hms iron duke

hms iron duke

Thursday, 8 March 2018

The Skripal Attack: Britain's Options

Britain “is just a small island…no-one pays any attention to them”.

Alleged 2013 comment by Dmitry Peskov, Official Spokesman of President Putin

The Skripal attack

Alphen, Netherlands. 8 March. Let me assume that in some manner or other the Russian state or those close to it were behind the poisoning of former Russian GRU (military intelligence) officer, Sergei Skripal, his daughter, and a Wiltshire police officer in Salisbury last Sunday.  Moscow will, of course, publicly deny all and any involvement in the attack, even as it leaves open the chance for people (particularly its own) to draw their own conclusions.  So, what options does Britain really have if it is to respond ‘robustly’, as Foreign Secretary Boris Johnson somewhat theatrically suggested in Parliament this week?

Why attack Britain?

First, why attack Britain?  If the attack was sanctioned at a high level in the Kremlin the consequences would have been carefully considered.  It is unlikely that Moscow would risk such an attack on the United States, given the consequences if an American police officer was infected in a similar fashion to that unfortunate British police officer.  Moscow is also unlikely to have sanctioned such an attack on Germany, France or, Italy as all have shown themselves sympathetic and/or understanding of Moscow in the past.  Indeed, their collective refusal to back Britain in the wake of the 2006 Russian attack in London on Alexander Litvinenko in which highly-radioactive Polonium 210 not only killed Mr Litvinenko, and which put many Londoners at risk, demonstrated all too clearly the fragility of European solidarity.  It also demonstrated just how ‘uncommon’ the EU’s Common Foreign and Security Policy really is at times of crisis.  The Baltic States are already under daily attack from Moscow across a range of forms and means.  The rest of Europe?  Too small and insignificant to send the message Moscow might wish to send to the Russian people on the eve of the presidential elections about Russia’s ability to cower enemies and punish traitors.  Therefore, Russia’s much self-reduced and vulnerable old Cold War foe Britain, with a now sad ‘tradition’ of spinelessness in the face of a host of similar such attacks in recent years, thus presents the perfect target.  

Second, the attack might involve the sending my Moscow of more than one message.  On such occasions one needs to think somewhat laterally because the circumstances that inevitably surround cases of espionage are inevitably murky, with the public utterances of government often hiding a whole other story. Certainly, I am (again) angered by the prospect that (again) the Kremlin, one of its agencies (the fearsome GRU?), or one of the factions close to President Putin, seems to have carried out another possibly deadly attack on British soil. Equally, I am curious at the coincidence that such an attack should take place in Salisbury, just next door to Britain’s highly-secretive Defence Science and Technology Laboratory (Dstl). Could it be that Skripal, who betrayed Russia, was the unwitting messenger in some other hidden conflict between Moscow and London?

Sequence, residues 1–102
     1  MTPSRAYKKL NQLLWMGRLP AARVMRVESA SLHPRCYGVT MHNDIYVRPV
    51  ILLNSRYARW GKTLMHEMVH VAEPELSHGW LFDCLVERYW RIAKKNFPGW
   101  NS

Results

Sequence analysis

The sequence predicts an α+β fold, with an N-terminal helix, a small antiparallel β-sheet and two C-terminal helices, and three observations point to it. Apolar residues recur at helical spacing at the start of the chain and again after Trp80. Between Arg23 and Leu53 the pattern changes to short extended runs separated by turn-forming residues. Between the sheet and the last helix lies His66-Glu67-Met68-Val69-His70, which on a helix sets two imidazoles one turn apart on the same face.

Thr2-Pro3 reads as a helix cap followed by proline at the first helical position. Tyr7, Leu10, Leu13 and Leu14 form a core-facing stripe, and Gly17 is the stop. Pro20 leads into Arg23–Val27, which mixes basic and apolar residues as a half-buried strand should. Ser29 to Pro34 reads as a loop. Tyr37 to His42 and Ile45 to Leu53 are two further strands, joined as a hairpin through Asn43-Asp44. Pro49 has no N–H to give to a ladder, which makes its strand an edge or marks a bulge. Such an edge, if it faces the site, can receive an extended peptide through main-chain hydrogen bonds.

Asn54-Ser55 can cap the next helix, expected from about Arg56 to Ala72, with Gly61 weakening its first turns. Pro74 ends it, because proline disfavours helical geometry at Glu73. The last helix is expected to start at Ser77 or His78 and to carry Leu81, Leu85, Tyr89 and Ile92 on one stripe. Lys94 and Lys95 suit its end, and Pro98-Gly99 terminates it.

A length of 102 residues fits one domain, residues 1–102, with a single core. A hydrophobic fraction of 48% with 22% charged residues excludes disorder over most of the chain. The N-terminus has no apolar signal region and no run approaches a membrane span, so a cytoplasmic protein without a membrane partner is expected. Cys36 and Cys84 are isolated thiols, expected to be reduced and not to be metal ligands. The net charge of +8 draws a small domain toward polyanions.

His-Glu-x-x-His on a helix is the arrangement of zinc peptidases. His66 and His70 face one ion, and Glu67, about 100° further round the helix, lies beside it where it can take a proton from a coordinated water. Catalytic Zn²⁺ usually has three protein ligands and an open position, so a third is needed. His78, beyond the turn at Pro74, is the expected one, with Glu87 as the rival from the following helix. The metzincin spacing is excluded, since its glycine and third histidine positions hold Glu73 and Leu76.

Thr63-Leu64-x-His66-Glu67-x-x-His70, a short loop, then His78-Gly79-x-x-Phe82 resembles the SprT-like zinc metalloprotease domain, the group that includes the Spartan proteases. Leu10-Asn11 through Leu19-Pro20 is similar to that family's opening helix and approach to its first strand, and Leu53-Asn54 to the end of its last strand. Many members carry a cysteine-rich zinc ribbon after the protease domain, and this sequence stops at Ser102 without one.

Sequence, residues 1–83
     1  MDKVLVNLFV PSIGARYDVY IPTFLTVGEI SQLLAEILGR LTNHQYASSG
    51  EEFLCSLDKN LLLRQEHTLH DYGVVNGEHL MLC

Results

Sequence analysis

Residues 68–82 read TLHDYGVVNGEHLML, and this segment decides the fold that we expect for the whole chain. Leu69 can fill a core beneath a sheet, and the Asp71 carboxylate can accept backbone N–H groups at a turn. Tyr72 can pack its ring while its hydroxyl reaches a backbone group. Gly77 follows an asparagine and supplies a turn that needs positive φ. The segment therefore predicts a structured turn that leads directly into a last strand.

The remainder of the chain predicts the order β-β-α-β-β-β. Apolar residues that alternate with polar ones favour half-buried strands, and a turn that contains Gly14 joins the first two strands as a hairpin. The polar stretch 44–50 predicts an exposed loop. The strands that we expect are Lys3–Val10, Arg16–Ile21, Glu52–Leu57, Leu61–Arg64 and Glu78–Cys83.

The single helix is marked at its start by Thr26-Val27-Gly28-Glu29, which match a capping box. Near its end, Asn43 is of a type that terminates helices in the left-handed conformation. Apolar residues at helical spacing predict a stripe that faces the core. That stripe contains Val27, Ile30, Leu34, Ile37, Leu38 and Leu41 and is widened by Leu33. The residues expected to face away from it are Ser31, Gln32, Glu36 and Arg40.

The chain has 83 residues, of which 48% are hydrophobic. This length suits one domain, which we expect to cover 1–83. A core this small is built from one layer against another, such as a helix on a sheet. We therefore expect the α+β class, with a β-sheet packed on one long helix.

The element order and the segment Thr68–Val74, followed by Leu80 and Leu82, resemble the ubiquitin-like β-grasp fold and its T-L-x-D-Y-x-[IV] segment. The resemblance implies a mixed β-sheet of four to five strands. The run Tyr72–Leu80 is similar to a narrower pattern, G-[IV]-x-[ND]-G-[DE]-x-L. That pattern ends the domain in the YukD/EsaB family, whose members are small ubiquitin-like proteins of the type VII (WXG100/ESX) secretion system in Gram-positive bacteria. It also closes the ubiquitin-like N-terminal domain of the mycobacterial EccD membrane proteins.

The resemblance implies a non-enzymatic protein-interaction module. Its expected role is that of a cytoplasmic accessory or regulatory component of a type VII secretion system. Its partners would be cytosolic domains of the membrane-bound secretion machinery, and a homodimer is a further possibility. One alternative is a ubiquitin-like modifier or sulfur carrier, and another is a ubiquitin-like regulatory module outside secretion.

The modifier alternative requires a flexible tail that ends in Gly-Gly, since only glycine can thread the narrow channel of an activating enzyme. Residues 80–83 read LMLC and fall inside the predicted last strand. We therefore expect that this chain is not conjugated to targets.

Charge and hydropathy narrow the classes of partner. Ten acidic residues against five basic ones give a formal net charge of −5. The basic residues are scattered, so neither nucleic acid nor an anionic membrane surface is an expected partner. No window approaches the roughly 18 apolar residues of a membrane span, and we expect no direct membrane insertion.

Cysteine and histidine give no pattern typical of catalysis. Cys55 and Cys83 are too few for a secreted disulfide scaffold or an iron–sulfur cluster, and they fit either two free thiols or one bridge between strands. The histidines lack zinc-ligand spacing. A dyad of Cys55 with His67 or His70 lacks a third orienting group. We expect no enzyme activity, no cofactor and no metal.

Hinting at just such a conflict General Sir Chris Deverell, Britain’s Joint Force Commander, said this week that Russia has developed the ability to cripple a dangerously open Britain, particularly via a cyber-attack. Cryptically and coincidentally Deverell also said that Moscow “did not care about civilian life…They care only about what is in the interests of their elites…They are quite capable of anything”.  Was that the message Moscow was sending London?


Britain now knows the specific nerve agent used in the attack.  Given the sophisticated nature of the compound it is likely to be only a matter of time before the British identify the source of the attack, no doubt with the help of the Americans. So, let me break Britain’s possible responses down into two parts: retaliation and policy.

London’s immediate responses to such an attack would need to be necessarily and consequently theatrical. In addition to issuing pointless indictments against those Russians London identifies as suspects, Britain would first likely withdraw its ambassador from Moscow and/or expel a host of Russian diplomats, as well as declare a few Belgravia oligarchs persona non grata.  However, with the Russian presidential elections nine days away President Putin would probably be only too happy to expel a similar number of British diplomats to demonstrate graphically to the Russian people the ‘real’ enemies of the Russian state.

London might also seek to increase the severity of the sanctions on Russia imposed in the aftermath of Moscow’s invasion of Ukraine and the July 2014 shooting down of Malaysian Airlines MH17.  However, it would be pointless for Britain to do that on its own.  And, as in the aftermath of the Litvinenko case, it is likely that only the United States (or possibly not!) might be willing to join Britain.  Of Europe’s major powers Germany’s Russia policy is far too tied up with Berlin’s economic interests to consider further sanctions against Russia, particularly the Nordstream 2 pipeline.  France at times talks tough about Russia but is similarly ambivalent, and Italy has just seen the political influence of pro-Russian Silvio Berlusconi markedly increase.